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Charles  Ives
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Charles Ives (1874-1954)


String Quartet No. 1, Op. 57, From the Salvation Army - A Revival Service

(for 2 violins, viola and cello)
I. Chorale. Andante con moto
II. Prelude. Allegro
III. Offertory. Adagio cantabile
IV. Postlude. Allegro marziale
Composed between 1897-1900, when Ives was around 23-26 years old
22 minutes (approximately)
3 recordings, 12 videos
5:52
Juilliard String Quartet
I. Chorale. Andante con moto
5:17
Juilliard String Quartet
II. Prelude. Allegro
6:58
Juilliard String Quartet
III. Offertory. Adagio cantabile
5:50
Juilliard String Quartet
IV. Postlude. Allegro marziale
4:55
Emerson String Quartet
I. Chorale. Andante con moto
5:36
Emerson String Quartet
II. Prelude. Allegro
5:36
Emerson String Quartet
III. Offertory. Adagio cantabile
5:20
Emerson String Quartet
IV. Postlude. Allegro marziale
5:32
Lydian String Quartet
I. Chorale. Andante con moto
5:47
Lydian String Quartet
II. Prelude. Allegro
5:29
Lydian String Quartet
III. Offertory. Adagio cantabile
5:13
Lydian String Quartet
IV. Postlude. Allegro marziale

Charles Ives, 1874-1954

String Quartet No. 1, From the Salvation Army – A Revival Service, 1897-1900

“The way to write American music is simple. All you have to do is be an American and then write any kind of music you wish.”
- Virgil Thomson

“One thing I am certain of is that, if I have done anything good in music, it was, first, because of my father, and second, because of my wife”
- Charles Ives

Charles IvesFor many music lovers, the name “Charles Ives” is apt to provoke one of two responses: Who is Charles Ives? or, Oh no, its Charles Ives! Both reactions inform a fruitful summary of Ives along with an insightful invitation to his truly marvelous String Quartet No 1. The life and music of Charles Ives makes a unique and fascinating tale with which Kens Burns could have a field day. Ives was as American as apple pie. Merely a decade after the death of Stephen Foster, Ives was born and raised in Danbury, Connecticut, from a well-established family, studied at Yale and eventually founded an insurance consulting and sales firm in New York that made him a considerably wealthy man. He retired in his mid-fifties and lived until he was seventy-nine, passing away in 1954, the year Elvis Presley made his first recordings. Throughout his life, Ives attended church, was passionate about baseball and football, studied the New England transcendental writers and sustained a deep, nostalgic love for American culture while remaining a fierce, rugged individual. Musically, his lifespan embraced a variety of interesting musical trends from minstrelsy, spirituals, ragtime, Tin Pan Alley, blues, gospel, jazz and rock and roll on one hand, while, on the other, late Romanticism, Debussy, Schoenberg, Stravinsky, and a bewildering array of “isms” in the “classical” world.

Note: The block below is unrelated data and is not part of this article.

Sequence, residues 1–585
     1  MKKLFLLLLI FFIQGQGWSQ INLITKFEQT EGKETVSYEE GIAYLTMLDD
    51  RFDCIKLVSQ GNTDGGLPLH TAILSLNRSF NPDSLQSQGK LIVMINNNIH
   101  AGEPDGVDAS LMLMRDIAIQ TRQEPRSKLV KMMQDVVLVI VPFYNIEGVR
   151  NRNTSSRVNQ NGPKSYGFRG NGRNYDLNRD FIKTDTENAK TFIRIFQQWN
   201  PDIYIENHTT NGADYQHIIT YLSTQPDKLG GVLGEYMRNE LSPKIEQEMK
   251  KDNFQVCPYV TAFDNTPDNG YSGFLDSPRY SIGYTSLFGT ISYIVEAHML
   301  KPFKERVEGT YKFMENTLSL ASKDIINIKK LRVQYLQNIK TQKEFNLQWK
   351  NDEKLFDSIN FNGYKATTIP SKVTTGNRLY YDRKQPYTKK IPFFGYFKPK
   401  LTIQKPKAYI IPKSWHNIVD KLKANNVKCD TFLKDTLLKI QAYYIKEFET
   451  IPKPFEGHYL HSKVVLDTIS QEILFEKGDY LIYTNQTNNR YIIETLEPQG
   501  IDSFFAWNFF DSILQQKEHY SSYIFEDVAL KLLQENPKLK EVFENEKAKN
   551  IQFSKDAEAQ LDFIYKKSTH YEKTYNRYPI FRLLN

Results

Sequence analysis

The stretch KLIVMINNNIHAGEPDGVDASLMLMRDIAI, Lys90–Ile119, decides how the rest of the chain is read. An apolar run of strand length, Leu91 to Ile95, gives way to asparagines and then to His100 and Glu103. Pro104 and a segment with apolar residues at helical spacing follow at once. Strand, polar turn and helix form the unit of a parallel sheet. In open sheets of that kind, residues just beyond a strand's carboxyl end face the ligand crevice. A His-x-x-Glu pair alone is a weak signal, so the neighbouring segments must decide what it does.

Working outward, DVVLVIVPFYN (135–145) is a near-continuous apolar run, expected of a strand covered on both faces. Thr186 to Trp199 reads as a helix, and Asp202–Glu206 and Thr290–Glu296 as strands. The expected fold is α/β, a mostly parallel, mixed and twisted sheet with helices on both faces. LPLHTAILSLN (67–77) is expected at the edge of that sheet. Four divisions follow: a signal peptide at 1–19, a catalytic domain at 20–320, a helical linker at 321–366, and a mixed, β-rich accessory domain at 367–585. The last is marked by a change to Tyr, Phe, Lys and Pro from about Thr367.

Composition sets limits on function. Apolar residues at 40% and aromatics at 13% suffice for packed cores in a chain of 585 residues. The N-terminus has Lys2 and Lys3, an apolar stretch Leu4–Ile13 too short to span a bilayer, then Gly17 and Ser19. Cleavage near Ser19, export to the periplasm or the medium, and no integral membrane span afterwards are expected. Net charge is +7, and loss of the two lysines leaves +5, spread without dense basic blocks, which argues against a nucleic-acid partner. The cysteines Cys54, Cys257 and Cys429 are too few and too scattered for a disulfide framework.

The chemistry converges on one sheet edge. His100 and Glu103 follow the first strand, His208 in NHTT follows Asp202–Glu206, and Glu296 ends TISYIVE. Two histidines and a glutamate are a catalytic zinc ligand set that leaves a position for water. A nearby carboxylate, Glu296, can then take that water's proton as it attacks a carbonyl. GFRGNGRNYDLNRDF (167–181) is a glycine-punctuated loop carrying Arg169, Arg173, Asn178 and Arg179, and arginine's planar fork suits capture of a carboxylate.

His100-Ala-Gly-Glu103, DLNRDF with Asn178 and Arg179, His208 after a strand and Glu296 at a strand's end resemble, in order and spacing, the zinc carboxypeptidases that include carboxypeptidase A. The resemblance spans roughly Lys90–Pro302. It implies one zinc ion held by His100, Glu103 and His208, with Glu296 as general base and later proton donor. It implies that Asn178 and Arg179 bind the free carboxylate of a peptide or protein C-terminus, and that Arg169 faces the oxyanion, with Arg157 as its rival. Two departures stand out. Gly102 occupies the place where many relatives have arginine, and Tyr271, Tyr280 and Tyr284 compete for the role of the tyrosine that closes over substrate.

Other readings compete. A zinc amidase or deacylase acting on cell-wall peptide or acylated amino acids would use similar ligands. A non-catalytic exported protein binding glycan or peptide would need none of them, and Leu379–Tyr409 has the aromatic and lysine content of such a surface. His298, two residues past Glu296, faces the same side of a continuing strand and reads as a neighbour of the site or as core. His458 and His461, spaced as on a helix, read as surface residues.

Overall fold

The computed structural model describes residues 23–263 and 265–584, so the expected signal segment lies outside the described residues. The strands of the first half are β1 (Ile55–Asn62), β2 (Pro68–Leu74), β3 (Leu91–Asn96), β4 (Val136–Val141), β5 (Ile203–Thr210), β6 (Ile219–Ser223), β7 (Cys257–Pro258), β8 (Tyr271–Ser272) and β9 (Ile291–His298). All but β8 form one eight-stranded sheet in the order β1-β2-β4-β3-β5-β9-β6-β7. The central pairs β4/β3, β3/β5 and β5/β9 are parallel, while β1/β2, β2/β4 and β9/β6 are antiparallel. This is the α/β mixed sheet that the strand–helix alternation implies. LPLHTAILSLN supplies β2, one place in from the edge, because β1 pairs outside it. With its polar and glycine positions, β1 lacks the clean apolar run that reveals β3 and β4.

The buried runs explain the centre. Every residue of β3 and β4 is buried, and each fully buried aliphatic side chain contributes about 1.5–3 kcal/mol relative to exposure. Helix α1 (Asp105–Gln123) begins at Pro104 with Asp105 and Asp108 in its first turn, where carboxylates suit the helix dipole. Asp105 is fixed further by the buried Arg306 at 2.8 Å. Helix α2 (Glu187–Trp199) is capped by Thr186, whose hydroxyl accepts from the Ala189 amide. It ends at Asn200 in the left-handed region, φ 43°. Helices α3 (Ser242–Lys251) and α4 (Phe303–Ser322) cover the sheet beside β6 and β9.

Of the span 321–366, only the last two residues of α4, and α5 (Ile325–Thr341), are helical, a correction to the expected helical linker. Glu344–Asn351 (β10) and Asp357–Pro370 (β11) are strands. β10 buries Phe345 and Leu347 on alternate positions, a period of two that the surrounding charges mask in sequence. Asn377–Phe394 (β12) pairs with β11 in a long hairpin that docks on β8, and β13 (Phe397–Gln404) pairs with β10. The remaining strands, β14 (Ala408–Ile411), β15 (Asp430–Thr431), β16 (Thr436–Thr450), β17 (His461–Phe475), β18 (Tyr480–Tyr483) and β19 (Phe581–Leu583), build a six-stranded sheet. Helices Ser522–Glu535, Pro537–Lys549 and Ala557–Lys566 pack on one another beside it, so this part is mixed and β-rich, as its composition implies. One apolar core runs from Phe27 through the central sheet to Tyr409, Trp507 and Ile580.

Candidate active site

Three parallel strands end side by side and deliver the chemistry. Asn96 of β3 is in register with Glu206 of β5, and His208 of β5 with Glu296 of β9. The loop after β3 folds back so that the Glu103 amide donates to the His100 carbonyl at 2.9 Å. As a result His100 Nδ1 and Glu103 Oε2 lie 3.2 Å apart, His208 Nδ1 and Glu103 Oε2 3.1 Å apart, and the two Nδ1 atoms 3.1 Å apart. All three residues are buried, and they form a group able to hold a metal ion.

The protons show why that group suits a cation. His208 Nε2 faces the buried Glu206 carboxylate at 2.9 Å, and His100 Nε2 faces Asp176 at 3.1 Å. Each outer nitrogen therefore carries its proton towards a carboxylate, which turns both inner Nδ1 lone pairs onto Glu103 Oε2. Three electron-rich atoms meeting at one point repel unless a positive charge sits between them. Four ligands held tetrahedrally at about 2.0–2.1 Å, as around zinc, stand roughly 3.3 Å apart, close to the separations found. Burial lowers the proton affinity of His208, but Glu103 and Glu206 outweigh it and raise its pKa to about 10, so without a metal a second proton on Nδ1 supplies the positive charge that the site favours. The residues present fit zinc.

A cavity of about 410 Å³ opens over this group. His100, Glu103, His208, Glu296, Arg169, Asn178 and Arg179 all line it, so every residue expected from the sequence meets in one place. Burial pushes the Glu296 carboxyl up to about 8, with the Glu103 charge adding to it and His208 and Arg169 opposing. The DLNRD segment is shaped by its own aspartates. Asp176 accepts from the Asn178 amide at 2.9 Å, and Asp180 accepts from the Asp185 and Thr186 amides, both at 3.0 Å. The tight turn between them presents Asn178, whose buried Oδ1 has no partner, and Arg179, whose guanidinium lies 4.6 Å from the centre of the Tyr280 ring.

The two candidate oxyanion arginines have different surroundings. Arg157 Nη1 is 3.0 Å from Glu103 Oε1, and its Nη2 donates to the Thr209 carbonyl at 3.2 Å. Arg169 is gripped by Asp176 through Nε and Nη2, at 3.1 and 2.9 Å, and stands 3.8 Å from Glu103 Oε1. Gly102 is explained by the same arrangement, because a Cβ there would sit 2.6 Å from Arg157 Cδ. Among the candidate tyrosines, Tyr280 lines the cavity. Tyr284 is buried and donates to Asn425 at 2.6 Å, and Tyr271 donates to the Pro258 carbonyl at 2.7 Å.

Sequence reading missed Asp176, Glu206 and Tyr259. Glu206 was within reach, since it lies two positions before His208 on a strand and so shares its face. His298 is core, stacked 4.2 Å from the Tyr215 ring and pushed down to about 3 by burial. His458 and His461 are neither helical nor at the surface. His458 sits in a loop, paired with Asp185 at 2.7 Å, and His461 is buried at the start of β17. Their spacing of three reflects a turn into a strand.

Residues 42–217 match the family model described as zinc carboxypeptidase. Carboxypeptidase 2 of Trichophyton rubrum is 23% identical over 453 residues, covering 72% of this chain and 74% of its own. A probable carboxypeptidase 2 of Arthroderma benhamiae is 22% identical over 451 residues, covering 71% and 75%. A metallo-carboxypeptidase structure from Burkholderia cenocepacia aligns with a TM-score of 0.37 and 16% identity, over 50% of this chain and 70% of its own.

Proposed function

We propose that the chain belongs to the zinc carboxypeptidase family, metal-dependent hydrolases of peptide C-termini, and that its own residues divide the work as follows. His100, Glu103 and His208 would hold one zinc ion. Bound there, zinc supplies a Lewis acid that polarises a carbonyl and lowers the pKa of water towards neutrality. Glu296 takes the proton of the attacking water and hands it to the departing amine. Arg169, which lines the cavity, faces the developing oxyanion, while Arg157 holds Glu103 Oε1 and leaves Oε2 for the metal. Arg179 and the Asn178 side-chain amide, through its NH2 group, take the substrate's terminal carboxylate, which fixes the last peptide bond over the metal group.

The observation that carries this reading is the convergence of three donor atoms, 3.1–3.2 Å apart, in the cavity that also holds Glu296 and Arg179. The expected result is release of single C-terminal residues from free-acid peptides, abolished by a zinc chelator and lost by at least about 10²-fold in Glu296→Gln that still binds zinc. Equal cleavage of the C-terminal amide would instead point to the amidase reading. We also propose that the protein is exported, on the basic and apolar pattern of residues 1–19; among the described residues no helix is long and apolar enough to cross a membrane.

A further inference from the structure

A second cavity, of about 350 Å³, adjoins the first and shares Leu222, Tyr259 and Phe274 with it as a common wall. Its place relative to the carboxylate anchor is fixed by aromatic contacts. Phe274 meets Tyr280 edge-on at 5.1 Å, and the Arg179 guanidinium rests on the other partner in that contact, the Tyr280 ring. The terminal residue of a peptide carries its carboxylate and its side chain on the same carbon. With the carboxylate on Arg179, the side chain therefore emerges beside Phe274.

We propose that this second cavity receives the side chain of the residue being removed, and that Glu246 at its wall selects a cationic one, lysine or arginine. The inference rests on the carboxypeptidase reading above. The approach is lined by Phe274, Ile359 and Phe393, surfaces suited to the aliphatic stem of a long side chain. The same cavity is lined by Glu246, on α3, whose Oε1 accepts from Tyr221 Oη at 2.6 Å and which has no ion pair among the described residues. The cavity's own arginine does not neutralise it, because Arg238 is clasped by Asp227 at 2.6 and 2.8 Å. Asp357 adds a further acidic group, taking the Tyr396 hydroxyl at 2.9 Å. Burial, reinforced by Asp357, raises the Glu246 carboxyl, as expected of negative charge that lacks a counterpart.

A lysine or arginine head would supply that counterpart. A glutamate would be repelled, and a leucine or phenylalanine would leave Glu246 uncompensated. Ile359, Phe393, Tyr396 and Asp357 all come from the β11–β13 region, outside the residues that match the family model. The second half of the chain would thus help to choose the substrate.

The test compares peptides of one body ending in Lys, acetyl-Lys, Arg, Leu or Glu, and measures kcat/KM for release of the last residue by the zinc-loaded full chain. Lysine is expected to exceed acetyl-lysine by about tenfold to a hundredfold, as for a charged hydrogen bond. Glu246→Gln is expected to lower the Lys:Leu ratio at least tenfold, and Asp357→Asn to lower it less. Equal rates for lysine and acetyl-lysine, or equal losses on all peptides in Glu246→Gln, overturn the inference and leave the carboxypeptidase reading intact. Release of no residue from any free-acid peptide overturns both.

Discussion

The musical life of Charles Ives is truly remarkable. His father was a well-trained full-time professional musician serving as a bandleader in the Civil war and a community teacher, conductor and player thereafter. Ives learned much from his father whose adventurous musical tutelage had young Charles playing the piano in one key while singing in another, savoring the heterophony of multiple marching bands playing different tunes simultaneously, writing a fugue with each voice in a different key and so on. Through his father, Ives developed a love of American “vernacular” music including the songs of Stephen Foster, the marches of Sousa and the hymns and anthems arising from the Christian revival movement including its populist camp meetings where he father was often the music director. Ives became a paid organist in local churches at the age of 14 and maintained a professional career as organist and choir director for well over a decade. It was not until he matriculated to Yale that Ives really began to absorb the traditional classical canon, receiving a full undergraduate training in music including composition with the German-trained Horatio Parker. Despite moving on into the insurance business as his fulltime “day job”, Ives spent evenings and weekends composing, amassing a staggering body of unpublished work that ingeniously blended American “popular” music and the European classical tradition including numerous 20th century innovations placing him firmly in the avant-garde. His oeuvre includes symphonies, songs, sonatas and chamber music among other things. Today, Ives is internationally regarded as one of the most important early 20th composers, certainly America’s first.

While one of the most recent, apparent innovations of popular music is “sampling”, Ives was doing it before the turn of the last century. Composed between 1897 and 1900, his first string quartet samples at least dozen popular hymns but sliced and diced to produce a unique mix. The quartet is, itself, an assemblage combining the first movement, a contrapuntal exercise for organ composed during his sophomore year, with a three-movement “revival” service composed for organ and strings, the original manuscript of which has been lost. The finished composite quartet is a perfect early showcase for many of Ives’ characteristic techniques: tunefulness based on quotes or variations popular songs, rhythmic vitality, adventurous harmony, and the layering of multiple simultaneous ideas in a delightfully chaotic complexity. And, particularly with this early example for string quartet, here Ives is engaging, accessible, playful, and full of lyrical beauty. Despite Dvořák’s famous quartet composed only a few years before, this is the real “American” quartet. The year after Ives completed the work, Louis Armstrong was born.